Thursday, January 14, 2010

Review: Ska Sour

Sour beers are the latest craze to hit the American craft-brewing scene. A number of breweries, like New Belgium, Avery and Deschutes, like to stretch their creativity with sours. Others, like Russian River and Cascade Brewing, make it the core of their offerings.

It's a time-consuming, labor-intensive and expensive brewing method. The Belgian souring yeasts used to give these beers their character are cantankerous and can cause havoc if not properly restrained.

Ska Sour is Ska Brewing Co.'s aptly named entry into the category, and it is the first Durango beer to tackle this style of brewing. The beer spent the better part of a year in Heaven Hill bourbon barrels with Brettanomyces and Lactobacillus yeast knocking around.

Head Brewer Thomas Larsen said Ska simply wanted to experiment with the brewery's first sour beer. Ska unleashed it at last weekend's Big Beers, Belgians and Barley Wines festival in Vail.

Ska was exactly right to call Ska Sour a "Belgian-inspired sour pale ale." It may be inspired by Belgian brewing traditions - the Belgians have used Brettanomyces in beers like Orval for quite some time - but it is not brewed to any classic Belgian style.

Ska Sour comes in sizable brown glass bottles that top $9 each after sales tax. The stout price reflects the intensive brewing process.

The yeast are eager to play. As soon as I popped the cork, foam peeked out of the bottle top. When poured, the white head settled quickly atop a copper-amber body. It's a pretty beer.

Ska Sour landed at 6 percent ABV. More notably, it's aggressively hopped to about 62 IBUs. That's IPA territory. (By comparison, Ska's Modus Hoperandi IPA is 65 IBUs).

Ska Sour is dominated by two tastes: sour and bitter. The souring yeasts are readily apparent, but so are the aforementioned bittering hops. This is a peculiarly American creation. The Belgians would not hop their beers this aggressively, nor would the English mess with souring yeasts.

These flavors - sour and bitter - seem to be at war with each other within the beer. Some craft beer fans seem to love the combination of West Coast-style hopping and funky Belgian yeasts. Try as I might, I'm not one of them. I find the flavors not at all complementary.

Ska Sour is worth trying for the novelty, and to support the extraordinary time and effort that went into creating this beer. The brewery is in the middle of a flood of releases, with Snowdown's Hyper Fierce Gnar Gnar Hefe only recently unveiled and Orange Cream Stout and DIFF, a recurring seasonal witbier, soon to come.

And actually, Ska already brews an impressive Belgian-inspired ale that is too often overlooked: True Blonde Dubbel.

As for Ska Sour, I give it a C+. I'm curious how others will react. It's not for the faint of heart, but it might win some acclaim from the beer-geek set. Some beer drinkers, with apologies to George Clinton, will surely want to make their funk the Ska funk.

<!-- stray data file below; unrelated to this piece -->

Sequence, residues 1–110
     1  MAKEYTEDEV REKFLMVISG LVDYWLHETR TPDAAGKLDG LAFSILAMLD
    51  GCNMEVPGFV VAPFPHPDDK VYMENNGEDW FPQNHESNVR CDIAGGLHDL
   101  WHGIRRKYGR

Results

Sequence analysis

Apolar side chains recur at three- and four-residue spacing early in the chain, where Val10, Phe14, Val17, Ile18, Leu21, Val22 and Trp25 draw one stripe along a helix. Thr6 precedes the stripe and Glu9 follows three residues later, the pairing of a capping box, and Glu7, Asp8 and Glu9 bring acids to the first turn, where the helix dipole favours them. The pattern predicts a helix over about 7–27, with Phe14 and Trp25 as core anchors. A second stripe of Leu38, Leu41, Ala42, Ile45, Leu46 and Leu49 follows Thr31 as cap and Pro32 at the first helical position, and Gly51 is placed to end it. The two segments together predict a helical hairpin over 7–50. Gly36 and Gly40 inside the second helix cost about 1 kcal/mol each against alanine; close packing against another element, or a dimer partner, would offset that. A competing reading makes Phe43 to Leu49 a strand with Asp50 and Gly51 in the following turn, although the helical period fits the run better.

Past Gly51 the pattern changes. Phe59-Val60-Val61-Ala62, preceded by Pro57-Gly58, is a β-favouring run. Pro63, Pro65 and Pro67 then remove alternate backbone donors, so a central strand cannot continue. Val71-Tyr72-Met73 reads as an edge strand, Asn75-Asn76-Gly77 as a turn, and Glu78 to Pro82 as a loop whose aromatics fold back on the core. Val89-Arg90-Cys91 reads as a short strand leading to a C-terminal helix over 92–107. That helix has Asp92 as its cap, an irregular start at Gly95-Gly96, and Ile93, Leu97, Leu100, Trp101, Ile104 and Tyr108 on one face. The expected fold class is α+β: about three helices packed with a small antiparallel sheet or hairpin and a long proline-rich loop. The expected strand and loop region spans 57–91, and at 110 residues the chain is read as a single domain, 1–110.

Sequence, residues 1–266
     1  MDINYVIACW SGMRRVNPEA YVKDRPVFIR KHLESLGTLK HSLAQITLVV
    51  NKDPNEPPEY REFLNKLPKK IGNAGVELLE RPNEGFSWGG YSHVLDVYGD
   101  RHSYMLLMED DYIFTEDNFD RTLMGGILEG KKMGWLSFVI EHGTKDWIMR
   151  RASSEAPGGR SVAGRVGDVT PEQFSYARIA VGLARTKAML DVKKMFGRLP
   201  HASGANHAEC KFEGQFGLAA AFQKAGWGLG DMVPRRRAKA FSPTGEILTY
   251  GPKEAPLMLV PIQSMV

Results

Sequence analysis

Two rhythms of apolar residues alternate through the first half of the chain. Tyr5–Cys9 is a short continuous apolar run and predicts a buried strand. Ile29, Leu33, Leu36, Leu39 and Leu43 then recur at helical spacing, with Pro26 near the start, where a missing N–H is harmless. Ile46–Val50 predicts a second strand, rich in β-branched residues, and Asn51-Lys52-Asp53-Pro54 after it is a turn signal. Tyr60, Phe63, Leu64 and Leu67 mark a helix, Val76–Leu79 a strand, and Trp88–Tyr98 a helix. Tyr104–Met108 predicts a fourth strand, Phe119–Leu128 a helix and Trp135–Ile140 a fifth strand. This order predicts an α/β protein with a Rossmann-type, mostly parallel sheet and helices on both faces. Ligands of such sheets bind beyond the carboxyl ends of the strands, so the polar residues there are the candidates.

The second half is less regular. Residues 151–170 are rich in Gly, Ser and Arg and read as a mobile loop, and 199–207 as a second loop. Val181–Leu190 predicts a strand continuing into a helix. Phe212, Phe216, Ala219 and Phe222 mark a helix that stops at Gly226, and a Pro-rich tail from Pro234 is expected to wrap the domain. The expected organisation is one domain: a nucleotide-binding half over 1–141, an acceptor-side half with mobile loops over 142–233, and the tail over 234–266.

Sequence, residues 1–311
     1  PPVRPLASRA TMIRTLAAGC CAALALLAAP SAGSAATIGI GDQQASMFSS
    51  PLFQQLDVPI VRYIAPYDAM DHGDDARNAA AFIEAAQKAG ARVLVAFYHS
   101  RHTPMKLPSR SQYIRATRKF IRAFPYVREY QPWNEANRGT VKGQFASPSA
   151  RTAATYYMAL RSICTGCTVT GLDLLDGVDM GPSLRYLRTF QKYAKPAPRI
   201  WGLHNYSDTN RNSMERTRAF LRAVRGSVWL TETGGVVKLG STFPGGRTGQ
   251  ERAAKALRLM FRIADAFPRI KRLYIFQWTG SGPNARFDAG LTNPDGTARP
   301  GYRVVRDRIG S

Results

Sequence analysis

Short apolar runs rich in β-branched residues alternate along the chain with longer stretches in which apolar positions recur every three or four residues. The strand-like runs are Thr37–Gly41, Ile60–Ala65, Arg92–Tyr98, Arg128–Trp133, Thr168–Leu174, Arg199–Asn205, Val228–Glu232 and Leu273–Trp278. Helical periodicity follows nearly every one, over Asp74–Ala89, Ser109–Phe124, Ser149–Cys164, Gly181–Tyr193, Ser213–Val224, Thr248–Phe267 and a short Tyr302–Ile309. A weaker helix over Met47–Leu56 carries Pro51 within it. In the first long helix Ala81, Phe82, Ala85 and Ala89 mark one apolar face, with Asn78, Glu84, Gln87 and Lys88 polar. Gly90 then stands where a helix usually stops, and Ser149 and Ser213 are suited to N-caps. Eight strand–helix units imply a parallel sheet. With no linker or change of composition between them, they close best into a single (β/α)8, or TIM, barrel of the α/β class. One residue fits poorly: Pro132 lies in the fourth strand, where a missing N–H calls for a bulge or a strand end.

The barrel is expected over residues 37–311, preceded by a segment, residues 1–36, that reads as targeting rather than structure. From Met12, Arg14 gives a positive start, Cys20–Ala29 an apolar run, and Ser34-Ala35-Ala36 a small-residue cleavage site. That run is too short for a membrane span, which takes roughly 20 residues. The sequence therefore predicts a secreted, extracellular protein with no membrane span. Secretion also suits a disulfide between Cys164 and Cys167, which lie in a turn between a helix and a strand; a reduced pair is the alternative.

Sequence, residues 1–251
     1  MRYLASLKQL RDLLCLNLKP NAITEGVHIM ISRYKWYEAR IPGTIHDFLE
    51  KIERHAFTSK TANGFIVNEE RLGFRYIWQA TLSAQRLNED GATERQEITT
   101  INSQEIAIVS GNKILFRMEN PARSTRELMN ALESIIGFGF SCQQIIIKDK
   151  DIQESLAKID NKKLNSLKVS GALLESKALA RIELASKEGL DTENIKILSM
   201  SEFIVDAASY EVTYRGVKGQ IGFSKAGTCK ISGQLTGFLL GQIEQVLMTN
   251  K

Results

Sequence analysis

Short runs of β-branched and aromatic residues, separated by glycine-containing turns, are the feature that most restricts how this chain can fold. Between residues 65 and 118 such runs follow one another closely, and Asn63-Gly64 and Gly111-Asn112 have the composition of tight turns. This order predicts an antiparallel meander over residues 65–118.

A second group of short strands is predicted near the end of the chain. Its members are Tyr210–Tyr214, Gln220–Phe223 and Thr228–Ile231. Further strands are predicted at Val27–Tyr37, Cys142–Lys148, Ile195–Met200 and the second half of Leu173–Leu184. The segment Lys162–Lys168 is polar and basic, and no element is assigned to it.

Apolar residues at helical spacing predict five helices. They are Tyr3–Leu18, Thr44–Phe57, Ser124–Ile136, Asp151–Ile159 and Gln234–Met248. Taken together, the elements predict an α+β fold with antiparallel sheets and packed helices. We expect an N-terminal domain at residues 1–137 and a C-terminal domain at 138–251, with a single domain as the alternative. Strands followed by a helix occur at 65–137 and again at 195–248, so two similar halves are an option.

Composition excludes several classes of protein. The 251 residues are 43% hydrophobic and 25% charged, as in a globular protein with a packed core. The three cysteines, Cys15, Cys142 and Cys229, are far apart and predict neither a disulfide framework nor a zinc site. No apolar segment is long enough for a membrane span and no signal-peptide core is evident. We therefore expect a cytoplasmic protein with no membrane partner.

Please tell me your impressions by leaving a comment.


  1. I'm game to try this beer. Hopefully we'll see it sold along the Front Range. If I find one I'll let you know what I think of it.

  2. 2nd that chipper. I will be on the lookout at argo and post if they get any.

  3. Hey Chuck, did you know there's a new sour on tap about 100 yards south of your office? El Oso Agrio, meaning "Sour Bear" is a blend of Barrel-aged "Big Grizz" Barleywine and Sour Strong Ale. Tart cherry, assertive alcohol content, complex. Would love to see what you think of it!

  4. I've been meaning to try it. I'll try to get over there soon.

  5. I came out to CO to visit my cousin and picked one up from the store yesterday. Sitting here now enjoying it as the snow is falling. As peaceful as it is outside, I can't say the same for what's in my glass. I totally agree with the comment on the bitter & sour being at war. Even with the lengthy finish, I still sense the battle between the two. I'm not a huge hop person, and can rarely do ipa's unless I'm eating food, although I always thought Avery's ipa was pretty good. Anyways, I love sours i.e. flemish.. or even a Monk's Cafe (yum). This, not even close (I know they're not trying to assimilate). It seems as if I'm just going to have to keep hoping for a domestic brewery to not over-hop everything. haha hope-hop.. I'm sure I could come up with some sort of play on words there. Shoot, if a domestic brewery that was crazy about hops (ahem, Lagunitas) would dare to do something less aggressive with em, that'd be a GREAT name HOP(e)-less. Where's my dedication beer?! Anyways, it didn't say abv on bottle so I'm glad you informed me of the 6% before I drink this whole sucker. I concur with the C+ rating... drinkable, but let down that this "belgian-style sour" isn't even close to my expectations. The hops just get in the way of all those great sour flavors. I say if you're going to take the time and effort to do a beer like this, outside of your comfort zone.. then don't bring the extra hops, focus on that sour yeast! Although, now that I think about it... it is pretty unique in that sense.